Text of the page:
Hospitality Business Magazine

Saving money, the planet and reducing food waste

When 27-year-old Massey University chemical bioprocess engineering student, Nelson Harper, first noticed massive food waste while passing by loaded fruit trees in his neighbourhood, he came up with a really good business idea.

Nelson Harper – social enterprise entrepreneur.

A young man with a background in horticulture, who has been passionate about reducing and minimising waste, Nelson had a great idea about how Kiwis could save money, the planet and food waste, all in one go.

That idea, now called Urban Orchards, has morphed into a new social enterprise and small business which kicked off online earlier this month.

“At the moment we drive past fruit trees laden with fresh fruit, much of which ends up rotting on the ground, and home gardeners have so many surplus vegetables and herbs that they end up giving them away,” says Nelson.

“People drive to the supermarket where they pay $6 a kilo for the likes of lemons, which grow prolifically, and they’re rotting on the ground down the road,” he says.

“We’ve created an Airbnb, Trade Me-style system enabling people who sign up to Urban Orchards to sell their excess produce which they can leave at the gate or doorstep to be picked up, or drop off to purchasers. They set the price and in many cases they may just want to give it away to our members.”

Nelson and his team, including computer science students from Massey and a marketing student from the University of Canterbury, already have a great relationship with their local food banks and Massey University, ensuring nobody, students included, go hungry. Urban Orchards will also provide an avenue for produce to be donated to the likes of these organisations free of charge.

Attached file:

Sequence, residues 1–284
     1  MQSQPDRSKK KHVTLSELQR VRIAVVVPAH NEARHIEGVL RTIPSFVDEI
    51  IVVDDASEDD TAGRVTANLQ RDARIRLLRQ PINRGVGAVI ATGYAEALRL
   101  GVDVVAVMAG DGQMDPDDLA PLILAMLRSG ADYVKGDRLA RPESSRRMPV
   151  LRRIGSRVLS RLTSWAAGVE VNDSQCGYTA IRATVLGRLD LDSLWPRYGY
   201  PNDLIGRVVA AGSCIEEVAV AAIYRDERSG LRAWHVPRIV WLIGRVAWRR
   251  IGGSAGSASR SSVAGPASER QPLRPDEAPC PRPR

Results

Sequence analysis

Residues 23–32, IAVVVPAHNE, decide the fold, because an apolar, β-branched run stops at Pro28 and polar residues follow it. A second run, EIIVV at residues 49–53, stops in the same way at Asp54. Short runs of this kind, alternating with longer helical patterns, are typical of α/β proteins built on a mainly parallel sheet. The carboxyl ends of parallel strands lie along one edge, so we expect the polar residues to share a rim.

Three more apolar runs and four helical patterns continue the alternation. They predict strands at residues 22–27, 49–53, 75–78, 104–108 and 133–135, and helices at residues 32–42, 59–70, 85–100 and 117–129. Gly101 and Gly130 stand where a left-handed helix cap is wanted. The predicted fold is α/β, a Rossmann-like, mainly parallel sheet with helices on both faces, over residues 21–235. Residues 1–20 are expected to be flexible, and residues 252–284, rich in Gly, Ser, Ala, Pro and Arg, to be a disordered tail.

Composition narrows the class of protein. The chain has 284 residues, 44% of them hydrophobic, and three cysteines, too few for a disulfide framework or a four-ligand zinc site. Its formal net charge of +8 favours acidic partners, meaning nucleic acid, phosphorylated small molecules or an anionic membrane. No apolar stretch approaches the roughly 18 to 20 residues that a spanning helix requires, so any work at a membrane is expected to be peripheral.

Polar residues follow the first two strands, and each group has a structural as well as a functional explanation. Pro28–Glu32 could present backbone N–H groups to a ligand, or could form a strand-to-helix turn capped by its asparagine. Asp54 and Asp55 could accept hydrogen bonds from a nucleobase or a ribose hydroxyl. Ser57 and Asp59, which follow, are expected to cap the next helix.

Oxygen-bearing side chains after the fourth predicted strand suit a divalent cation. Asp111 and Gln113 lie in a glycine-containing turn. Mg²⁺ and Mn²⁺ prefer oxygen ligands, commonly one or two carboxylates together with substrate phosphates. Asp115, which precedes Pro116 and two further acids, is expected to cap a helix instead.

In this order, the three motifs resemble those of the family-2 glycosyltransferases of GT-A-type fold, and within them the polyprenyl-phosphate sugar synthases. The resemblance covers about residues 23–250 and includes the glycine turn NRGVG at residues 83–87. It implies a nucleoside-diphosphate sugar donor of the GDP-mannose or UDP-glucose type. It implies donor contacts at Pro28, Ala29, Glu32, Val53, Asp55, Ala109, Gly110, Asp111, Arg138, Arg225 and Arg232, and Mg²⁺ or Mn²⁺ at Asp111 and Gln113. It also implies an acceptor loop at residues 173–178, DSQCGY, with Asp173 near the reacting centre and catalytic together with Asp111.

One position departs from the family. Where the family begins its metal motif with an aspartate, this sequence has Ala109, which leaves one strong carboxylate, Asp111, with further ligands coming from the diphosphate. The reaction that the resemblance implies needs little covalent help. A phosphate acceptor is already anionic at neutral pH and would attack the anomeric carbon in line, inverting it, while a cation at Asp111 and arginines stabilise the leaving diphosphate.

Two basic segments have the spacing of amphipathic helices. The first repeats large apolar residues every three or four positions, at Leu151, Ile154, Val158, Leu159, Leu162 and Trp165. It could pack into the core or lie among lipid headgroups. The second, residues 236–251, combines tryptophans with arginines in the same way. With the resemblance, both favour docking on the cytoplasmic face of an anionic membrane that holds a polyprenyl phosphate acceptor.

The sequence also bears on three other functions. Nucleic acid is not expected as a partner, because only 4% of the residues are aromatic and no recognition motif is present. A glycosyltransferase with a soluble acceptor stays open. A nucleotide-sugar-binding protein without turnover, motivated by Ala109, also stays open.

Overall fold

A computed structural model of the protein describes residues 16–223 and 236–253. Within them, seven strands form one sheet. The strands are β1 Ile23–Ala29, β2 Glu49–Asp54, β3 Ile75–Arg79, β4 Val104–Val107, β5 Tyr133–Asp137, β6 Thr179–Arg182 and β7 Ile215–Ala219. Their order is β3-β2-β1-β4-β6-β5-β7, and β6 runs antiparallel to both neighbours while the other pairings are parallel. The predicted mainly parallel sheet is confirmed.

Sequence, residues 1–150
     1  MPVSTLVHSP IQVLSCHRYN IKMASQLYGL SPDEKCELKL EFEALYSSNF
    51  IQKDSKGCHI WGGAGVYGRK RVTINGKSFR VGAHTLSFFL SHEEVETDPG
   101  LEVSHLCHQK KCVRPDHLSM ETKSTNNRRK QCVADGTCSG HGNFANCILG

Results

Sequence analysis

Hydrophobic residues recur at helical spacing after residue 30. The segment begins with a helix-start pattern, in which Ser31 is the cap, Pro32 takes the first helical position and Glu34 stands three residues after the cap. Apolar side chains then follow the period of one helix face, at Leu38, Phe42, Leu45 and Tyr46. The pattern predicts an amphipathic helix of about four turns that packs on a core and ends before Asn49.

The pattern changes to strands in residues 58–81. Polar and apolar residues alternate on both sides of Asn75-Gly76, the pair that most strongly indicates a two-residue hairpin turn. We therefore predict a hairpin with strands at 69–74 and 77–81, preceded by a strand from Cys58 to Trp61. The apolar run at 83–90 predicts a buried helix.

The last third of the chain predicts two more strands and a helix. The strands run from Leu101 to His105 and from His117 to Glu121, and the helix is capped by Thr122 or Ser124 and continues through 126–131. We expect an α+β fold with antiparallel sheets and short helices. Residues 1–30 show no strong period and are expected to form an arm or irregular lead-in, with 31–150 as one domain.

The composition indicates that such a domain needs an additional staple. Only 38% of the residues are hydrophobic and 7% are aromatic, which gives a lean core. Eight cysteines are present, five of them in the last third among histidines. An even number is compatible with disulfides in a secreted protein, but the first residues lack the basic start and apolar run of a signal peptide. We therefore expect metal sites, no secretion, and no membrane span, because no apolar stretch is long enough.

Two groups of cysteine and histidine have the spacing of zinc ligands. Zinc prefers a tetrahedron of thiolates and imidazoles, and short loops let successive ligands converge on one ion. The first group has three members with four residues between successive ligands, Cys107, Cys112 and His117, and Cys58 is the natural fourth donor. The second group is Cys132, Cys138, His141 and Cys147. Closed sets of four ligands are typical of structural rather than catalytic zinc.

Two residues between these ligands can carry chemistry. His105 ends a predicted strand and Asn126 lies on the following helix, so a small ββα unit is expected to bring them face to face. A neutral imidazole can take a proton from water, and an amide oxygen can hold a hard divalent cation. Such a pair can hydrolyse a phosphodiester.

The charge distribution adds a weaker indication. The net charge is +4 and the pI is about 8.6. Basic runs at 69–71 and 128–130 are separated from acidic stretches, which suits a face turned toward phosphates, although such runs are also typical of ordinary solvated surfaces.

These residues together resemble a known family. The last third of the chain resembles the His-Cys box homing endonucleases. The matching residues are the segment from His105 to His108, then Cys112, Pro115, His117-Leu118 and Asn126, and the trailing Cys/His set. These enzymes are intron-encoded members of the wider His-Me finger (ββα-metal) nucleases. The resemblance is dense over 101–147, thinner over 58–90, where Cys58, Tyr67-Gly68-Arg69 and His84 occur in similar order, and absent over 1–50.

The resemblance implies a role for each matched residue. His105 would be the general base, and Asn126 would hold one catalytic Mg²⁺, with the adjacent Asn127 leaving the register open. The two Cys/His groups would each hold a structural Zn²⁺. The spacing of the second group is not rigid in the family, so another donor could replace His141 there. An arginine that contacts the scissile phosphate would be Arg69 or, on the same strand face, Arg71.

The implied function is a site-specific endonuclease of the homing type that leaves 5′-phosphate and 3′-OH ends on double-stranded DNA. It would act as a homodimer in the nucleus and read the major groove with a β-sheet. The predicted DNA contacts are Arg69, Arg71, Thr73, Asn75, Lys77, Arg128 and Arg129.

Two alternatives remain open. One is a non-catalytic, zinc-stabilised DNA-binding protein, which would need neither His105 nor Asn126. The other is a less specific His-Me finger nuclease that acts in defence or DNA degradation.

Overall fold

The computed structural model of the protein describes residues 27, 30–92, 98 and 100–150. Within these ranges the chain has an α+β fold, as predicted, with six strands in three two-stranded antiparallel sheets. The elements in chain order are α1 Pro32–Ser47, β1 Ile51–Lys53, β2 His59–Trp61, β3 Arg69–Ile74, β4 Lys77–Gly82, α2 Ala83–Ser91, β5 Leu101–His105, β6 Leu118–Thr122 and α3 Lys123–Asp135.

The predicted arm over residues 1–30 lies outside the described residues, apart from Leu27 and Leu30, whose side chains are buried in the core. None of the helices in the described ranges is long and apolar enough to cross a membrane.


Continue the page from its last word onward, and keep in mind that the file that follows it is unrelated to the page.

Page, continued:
When Nelson first came up with the idea he’d been doing a bit of gardening for people to help support his studies. “I noticed so much passionfruit, so many chokos, massive amounts of lemons, feijoas and the likes,” says Nelson. “A productive lemon tree may have up to 50 kilos of fruit if it’s a good one, or 10 to 20 if it’s smaller.”

There’s already been strong interest from initial restaurants and cafes contacted in the Manawatu and Wellington regions interested in getting involved. Nelson’s expecting interest to be huge with the site operating nationally in local areas from this month. “One Thai restaurateur has already told me he goes through 10 kilos of lemons a week and he’s keen to sign up.”

The plan is not only to reduce food wastage, but increase food security, and most importantly localise fresh food by taking advantage of all of the great produce grown in people’s backyards. “It’s a niche market but there’s already been a great deal of interest from both growers and buyers,” says Nelson. “We’re just providing an online platform to connect growers and buyers of fresh produce, tapping into these loaded backyard fruit trees and small scale vegetable gardens.

See:  to sign up.